Lars von Trier on his controversial Cannes return

Lars von Trier on his controversial Cannes return
Director Lars von Trier, left, and actor Matt Dillon pose for portrait photographs for the film 'The House That Jack Built', at the 71st international film festival, Cannes, southern France, Wednesday, May 16, 2018. (Photo by Joel C Ryan/Invision/AP)

CANNES, France (AP) — After being banished for seven years, Lars von Trier has not come back to the Cannes Film Festival brimming with remorse.

Instead, he has detonated “The House That Jack Built,” a 2½-hour serial killer drama nasty enough to spark dozens of walkouts at its premiere.

Some critics called it a quintessential von Trier film about the nature of art and the reaches of empathy. Others called the film that features scenes of child murder, female mutilation and piles of frozen corpses “repulsive” and “irredeemably unpleasant.”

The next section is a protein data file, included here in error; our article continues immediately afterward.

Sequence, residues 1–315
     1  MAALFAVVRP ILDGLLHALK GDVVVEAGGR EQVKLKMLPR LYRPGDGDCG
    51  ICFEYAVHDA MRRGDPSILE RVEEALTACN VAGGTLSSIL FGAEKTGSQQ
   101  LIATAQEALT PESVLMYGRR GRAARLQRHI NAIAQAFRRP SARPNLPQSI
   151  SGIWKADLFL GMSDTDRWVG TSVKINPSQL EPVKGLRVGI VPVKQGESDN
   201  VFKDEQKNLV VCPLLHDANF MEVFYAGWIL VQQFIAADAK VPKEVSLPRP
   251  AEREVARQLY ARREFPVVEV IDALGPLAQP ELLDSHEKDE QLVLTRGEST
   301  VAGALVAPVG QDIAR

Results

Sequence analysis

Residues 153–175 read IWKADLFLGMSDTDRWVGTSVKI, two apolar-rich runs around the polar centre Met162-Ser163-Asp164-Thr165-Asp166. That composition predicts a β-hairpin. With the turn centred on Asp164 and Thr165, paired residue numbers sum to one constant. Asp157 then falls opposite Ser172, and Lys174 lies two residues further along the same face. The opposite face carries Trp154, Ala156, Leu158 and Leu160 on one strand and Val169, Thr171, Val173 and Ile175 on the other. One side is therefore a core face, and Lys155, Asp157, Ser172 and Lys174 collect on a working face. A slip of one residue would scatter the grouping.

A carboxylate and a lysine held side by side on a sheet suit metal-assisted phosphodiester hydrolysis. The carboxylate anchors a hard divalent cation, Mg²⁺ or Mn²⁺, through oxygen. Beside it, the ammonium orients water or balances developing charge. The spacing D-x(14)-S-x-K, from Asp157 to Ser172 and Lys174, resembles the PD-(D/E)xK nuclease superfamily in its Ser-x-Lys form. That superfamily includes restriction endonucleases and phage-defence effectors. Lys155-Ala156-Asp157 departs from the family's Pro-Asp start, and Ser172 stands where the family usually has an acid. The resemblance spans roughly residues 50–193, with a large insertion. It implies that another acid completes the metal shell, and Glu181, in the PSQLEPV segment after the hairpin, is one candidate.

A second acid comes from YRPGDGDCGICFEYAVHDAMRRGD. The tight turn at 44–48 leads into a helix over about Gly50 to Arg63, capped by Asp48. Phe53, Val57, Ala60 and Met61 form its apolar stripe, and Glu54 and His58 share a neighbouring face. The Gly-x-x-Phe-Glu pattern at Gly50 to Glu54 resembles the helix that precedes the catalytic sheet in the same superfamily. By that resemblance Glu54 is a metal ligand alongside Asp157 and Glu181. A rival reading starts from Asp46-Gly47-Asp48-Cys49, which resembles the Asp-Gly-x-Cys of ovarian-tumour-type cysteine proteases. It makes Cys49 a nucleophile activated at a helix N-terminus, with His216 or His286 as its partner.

In an interview, the Danish provocateur questioned why he is the only one to be declared “persona non grata” at Cannes. He noted the same term wasn’t leveled on Harvey Weinstein.